Hypertension - FAQs   

Hypertension - FAQs

Hypertension (high blood pressure) is fast becoming a frighteningly common ailment among adults, with an estimated 1 in 5 individuals battling the condition. Part of the problem is that hypertension often escapes our notice initially, paving the way for cardiovascular disease to quietly set in.

What are the symptoms of hypertension?
Hypertension typically presents without any hallmark symptoms. At most, headache, dizziness or lethargy is sometimes observed, but these can often be very vague and non-specific. This lack of obvious signs and symptoms is why hypertension is dubbed a 'silent killer'.

What are the risk factors for hypertension?
The major risk factors for hypertension include:
• Age. Your risk of hypertension increases as you get older.
• Family history. Hypertension tends to run in families.
• Being overweight or obese.
• Physical inactivity.
• Smoking. Smoking damages the arteries, increasing the likelihood of high blood pressure.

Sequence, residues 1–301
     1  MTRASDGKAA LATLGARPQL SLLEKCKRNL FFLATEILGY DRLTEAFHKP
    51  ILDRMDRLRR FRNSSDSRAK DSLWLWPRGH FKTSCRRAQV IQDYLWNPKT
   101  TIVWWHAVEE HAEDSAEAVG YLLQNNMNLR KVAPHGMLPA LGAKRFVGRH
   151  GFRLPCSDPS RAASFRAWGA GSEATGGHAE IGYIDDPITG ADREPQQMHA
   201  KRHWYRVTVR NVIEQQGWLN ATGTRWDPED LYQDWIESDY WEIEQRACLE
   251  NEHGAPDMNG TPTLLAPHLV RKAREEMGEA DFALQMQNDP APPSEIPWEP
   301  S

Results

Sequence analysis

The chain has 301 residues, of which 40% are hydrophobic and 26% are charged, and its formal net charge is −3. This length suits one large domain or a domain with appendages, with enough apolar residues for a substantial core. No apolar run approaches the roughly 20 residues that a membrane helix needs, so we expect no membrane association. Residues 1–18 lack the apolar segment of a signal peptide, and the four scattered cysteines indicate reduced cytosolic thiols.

• Certain chronic conditions. Chronic diseases such as diabetes and kidney disease are linked to hypertension.

What are the complications of hypertension?
Uncontrolled hypertension can lead to life-threatening cardiovascular complications. These include heart attack, heart failure and stroke.
What are the non-drug approaches to treat hypertension?
Several lifestyle adjustments can help lower your blood pressure numbers.

These include:
• Weight reduction. Even dropping just 4.5 kg can significantly improve your blood pressure.
• Healthy eating. Salt intake should be reduced to less than 6g a day, while alcohol consumption should be reduced to no more than 10 pints of beer per week for men, or 7 pints for women.
• Regular exercise. 30-60 minutes of moderate exercise, three times a week, can make a difference. But be careful not to over-exert yourself.
• Quitting smoking.

Which is the best pharmacological option for me?
To help manage your hypertension, your doctor will first assess your state of health, blood pressure levels, risk factors and co-existing health conditions to determine the most appropriate drug(s) for you.

For instance, ARBs are typically chosen for better tolerability, ACE inhibitors for cardiovascular and renal protection, and CCBs for first-line therapy in those over 55. In patients with diabetes, ACE inhibitors are recommended.

Combination therapy is also common practice; for example, patients with uncontrolled blood pressure and at high risk of cardiovascular complications may be prescribed a combination of an ACE inhibitor and amlodipine (a CCB).

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